It is sometimes feared that implementing sustainable procurement would result in cost premium for ‘add-on’ sustainable features. However, this fear is typically unfounded where life cycle costing is applied for procurement decisions, even without monetizing all resultant environmental and social benefits. The cheapest products procured based on lowest upfront economic cost criteria may not prove to be most economically advantageous for a company over a project’s life. The greener products with recycled content have potential to reduce waste, improve energy efficiency, limit emission of toxic by-products etc. from the project. Thus, competitive greener product options may turn out be less costly when subsequent product-related expenses such as operation cost, maintenance cost, disposal cost etc. are considered. Once this industry starts taking these costs along with Scope 3 CO2 emission, recycled content etc. of products as evaluation criteria for awarding tenders, upstream vendors in supply chain would naturally be obliged to look for opportunities to reduce them because not only would they want to remain competitive in market but it would be the good thing to do.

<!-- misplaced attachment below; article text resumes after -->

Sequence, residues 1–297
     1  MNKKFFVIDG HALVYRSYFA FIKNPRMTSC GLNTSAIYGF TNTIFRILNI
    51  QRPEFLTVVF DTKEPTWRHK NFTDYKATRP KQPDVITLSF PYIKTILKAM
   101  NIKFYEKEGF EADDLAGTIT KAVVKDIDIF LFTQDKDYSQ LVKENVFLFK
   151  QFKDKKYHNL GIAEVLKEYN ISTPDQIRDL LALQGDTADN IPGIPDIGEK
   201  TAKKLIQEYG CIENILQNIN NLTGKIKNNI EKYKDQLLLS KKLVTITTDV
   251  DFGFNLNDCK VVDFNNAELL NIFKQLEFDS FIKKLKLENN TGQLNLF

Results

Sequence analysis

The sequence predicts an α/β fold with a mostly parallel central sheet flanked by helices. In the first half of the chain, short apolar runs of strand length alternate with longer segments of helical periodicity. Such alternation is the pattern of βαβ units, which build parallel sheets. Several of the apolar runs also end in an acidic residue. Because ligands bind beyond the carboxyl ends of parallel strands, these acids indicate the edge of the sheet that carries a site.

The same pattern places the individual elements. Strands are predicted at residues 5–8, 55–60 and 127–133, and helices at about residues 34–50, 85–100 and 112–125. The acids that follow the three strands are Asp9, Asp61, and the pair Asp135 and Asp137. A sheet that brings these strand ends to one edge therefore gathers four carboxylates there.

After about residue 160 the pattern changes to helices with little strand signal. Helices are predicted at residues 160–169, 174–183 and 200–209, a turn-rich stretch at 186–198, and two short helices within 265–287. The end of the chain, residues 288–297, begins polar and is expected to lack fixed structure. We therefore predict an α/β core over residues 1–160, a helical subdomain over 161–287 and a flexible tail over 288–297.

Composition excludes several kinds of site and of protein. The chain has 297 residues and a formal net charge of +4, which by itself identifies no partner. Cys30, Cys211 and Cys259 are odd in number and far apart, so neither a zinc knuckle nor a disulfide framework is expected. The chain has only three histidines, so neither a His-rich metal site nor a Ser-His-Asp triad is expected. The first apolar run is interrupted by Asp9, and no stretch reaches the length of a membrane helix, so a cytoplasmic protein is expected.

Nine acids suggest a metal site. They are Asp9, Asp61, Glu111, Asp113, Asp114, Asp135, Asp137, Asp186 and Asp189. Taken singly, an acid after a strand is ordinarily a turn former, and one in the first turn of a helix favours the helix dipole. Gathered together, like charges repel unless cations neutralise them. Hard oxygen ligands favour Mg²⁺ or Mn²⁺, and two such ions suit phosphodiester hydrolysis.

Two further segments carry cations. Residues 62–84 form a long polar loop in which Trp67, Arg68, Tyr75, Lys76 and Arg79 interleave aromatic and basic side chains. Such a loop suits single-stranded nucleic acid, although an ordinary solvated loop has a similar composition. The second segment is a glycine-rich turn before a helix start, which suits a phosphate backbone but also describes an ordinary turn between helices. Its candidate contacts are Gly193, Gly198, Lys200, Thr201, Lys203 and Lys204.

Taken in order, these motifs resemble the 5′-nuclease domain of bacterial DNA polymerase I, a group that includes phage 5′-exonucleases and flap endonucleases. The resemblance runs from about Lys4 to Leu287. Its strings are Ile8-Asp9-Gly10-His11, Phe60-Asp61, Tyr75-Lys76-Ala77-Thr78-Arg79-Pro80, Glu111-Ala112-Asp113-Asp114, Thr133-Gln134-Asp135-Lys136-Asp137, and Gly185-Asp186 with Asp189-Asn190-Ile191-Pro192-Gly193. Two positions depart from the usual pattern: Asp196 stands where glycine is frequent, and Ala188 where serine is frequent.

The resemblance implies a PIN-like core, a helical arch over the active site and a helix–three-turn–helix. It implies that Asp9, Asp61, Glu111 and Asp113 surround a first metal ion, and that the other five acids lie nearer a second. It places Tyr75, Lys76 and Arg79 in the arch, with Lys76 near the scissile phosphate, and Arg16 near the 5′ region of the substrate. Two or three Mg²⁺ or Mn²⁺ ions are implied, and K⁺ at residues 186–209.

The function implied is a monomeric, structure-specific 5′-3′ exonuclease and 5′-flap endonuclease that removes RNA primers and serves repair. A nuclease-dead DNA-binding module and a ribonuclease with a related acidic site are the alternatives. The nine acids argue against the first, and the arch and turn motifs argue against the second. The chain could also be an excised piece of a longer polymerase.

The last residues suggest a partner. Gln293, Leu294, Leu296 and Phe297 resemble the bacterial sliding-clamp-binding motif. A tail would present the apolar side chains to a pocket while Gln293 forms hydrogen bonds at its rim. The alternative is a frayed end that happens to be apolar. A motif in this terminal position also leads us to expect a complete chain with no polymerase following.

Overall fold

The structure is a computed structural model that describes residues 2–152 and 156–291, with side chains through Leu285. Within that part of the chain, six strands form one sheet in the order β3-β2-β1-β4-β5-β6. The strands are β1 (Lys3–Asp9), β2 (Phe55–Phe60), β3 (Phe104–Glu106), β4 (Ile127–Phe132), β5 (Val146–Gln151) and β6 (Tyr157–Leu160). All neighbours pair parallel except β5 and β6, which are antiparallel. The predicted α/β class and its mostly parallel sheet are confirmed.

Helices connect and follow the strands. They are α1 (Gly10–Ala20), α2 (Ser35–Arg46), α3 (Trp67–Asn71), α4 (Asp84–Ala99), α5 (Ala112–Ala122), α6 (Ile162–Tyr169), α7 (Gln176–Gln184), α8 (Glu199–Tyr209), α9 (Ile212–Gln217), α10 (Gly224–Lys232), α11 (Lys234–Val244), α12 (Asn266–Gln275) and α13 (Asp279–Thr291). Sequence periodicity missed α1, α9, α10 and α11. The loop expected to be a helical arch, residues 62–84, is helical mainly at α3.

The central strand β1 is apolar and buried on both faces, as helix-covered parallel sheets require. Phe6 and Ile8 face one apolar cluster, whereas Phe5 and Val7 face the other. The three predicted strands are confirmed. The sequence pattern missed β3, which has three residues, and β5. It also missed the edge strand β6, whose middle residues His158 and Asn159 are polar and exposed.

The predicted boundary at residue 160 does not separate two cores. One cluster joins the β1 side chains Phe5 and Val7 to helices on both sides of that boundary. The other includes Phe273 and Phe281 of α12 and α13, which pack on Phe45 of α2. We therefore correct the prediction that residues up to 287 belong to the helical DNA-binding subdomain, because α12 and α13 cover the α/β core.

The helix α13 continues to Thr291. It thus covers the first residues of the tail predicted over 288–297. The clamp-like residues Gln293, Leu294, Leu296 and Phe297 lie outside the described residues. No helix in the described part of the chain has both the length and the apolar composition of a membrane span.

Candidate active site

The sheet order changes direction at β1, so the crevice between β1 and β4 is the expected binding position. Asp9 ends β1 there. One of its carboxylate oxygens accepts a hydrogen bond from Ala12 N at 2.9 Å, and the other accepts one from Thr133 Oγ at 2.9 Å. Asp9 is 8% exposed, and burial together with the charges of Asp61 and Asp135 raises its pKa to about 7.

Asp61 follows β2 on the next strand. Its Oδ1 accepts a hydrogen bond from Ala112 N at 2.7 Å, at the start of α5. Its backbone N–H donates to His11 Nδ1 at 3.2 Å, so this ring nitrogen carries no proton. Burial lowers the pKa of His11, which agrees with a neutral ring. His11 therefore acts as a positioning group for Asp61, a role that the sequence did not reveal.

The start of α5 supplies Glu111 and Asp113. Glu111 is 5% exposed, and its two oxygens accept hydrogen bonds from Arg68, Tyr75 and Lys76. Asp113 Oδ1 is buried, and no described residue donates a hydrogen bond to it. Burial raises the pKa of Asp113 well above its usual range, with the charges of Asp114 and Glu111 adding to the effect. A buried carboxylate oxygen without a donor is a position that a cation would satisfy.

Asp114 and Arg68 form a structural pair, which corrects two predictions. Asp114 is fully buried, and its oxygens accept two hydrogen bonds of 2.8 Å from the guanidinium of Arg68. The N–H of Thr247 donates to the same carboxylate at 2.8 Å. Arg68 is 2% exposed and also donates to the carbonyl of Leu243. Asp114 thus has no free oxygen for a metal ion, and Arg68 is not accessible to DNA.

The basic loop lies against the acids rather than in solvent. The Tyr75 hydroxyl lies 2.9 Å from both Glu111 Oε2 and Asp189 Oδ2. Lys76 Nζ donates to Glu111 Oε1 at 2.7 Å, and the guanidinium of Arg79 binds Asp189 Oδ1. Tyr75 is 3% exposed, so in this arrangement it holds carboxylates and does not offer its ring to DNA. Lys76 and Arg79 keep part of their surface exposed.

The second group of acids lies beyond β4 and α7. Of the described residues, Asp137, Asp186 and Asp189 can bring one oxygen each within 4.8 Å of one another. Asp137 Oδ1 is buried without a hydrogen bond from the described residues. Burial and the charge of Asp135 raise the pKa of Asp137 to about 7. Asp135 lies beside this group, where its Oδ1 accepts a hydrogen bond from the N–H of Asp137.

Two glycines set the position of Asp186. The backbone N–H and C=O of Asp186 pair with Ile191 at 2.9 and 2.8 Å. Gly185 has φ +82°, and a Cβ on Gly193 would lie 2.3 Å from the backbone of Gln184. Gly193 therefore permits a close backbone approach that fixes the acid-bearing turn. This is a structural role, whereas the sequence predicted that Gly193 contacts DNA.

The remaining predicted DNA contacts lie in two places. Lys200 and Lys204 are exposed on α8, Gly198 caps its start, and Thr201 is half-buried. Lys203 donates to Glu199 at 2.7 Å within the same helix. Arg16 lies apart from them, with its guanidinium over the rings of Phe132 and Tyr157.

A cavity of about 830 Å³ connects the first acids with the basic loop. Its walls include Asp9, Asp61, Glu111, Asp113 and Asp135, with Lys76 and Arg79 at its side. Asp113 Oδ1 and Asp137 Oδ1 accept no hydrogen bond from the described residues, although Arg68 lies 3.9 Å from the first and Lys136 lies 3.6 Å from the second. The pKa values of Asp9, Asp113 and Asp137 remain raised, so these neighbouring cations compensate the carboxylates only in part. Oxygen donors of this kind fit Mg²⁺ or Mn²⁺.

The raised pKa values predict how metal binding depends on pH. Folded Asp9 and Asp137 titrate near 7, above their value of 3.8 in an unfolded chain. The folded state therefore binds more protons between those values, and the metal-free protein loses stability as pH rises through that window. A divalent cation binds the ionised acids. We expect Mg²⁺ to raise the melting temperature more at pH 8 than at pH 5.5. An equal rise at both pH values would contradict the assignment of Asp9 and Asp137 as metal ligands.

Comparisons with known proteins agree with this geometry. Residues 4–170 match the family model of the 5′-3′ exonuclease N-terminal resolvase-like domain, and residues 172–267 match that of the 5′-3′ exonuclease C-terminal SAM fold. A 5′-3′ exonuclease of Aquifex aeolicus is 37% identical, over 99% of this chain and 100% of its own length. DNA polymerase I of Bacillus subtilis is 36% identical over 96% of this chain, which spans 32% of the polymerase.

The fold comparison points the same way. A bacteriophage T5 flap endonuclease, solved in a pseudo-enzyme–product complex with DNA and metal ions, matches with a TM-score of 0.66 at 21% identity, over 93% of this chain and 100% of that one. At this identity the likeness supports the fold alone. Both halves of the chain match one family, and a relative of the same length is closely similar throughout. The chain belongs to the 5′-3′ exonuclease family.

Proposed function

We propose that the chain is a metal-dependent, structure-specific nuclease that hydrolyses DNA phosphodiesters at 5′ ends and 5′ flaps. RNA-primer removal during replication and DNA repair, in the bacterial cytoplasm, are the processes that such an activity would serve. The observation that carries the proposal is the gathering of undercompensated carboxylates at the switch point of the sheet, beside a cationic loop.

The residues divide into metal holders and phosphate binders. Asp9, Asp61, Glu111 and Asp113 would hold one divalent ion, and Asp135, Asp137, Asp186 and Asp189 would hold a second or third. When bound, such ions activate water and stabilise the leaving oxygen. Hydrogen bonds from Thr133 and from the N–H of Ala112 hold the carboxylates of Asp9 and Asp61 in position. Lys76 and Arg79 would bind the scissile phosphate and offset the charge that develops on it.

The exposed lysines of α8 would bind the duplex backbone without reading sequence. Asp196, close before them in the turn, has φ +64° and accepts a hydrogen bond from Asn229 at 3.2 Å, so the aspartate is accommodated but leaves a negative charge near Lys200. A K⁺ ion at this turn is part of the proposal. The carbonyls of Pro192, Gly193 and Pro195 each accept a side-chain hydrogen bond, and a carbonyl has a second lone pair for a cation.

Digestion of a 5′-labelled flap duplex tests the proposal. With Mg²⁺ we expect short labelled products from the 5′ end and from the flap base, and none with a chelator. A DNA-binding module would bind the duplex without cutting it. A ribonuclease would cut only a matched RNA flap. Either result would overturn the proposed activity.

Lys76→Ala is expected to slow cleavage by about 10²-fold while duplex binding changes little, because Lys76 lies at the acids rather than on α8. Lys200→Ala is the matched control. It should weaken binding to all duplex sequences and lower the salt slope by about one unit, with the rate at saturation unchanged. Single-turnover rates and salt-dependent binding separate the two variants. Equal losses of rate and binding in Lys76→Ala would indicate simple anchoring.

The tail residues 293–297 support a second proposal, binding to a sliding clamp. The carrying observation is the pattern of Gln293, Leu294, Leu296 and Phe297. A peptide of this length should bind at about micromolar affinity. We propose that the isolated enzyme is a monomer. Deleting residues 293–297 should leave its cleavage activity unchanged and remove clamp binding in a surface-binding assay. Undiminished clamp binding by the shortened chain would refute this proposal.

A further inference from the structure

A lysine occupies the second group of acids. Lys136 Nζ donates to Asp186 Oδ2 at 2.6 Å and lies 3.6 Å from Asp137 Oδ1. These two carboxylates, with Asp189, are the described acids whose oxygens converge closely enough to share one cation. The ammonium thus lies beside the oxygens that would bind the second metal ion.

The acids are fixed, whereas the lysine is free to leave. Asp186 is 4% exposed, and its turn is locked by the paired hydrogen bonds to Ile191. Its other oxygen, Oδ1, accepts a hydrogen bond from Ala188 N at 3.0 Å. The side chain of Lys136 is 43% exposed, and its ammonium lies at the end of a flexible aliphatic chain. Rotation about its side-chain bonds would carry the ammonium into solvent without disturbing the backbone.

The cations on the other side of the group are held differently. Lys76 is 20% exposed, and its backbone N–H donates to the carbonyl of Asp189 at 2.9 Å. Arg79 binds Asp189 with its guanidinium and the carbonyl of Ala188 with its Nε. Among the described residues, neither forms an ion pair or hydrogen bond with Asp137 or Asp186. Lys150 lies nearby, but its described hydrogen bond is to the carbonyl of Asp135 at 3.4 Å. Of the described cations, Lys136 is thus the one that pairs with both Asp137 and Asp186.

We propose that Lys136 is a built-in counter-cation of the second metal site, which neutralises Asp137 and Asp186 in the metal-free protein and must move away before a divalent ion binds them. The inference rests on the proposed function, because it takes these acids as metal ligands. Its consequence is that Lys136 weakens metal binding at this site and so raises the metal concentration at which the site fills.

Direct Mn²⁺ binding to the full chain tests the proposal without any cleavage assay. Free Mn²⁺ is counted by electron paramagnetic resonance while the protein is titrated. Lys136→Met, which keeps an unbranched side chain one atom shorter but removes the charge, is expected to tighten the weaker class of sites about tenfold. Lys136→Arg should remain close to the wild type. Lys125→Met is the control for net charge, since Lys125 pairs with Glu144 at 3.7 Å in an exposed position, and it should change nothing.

Though, some construction companies have been practicing this concept subconsciously, it is time to internalize this concept in corporate policies. The business leaders in this industry need to demonstrate how responsible decision-making and sustainable practices are embedded across its supply chain to achieve sustainability goal. No one denies that there would be challenges in mainstreaming sustainable procurement because of the complexity of the construction project in terms of regulations and stakeholders involved. However, it would continue to be on the outskirts of strategic policy spectrum if no one makes a beginning. The experiences gained during pilot projects would provide enabling processes and best practices that lead to sustainable outcomes. I am very positive on its potential to stimulate green development within a sector otherwise known as laggard in integrating sustainability. I have no doubt that this strategy would prove to be good both for a company’s bottom line and our planet. Let us make a beginning towards redeeming some of our debt on nature. We owe it to our future generations!
(The author is currently posted as Deputy Chief Materials Manager in Northern Railway and has over 17 years of professional experiences in public procurement and policy formulation.)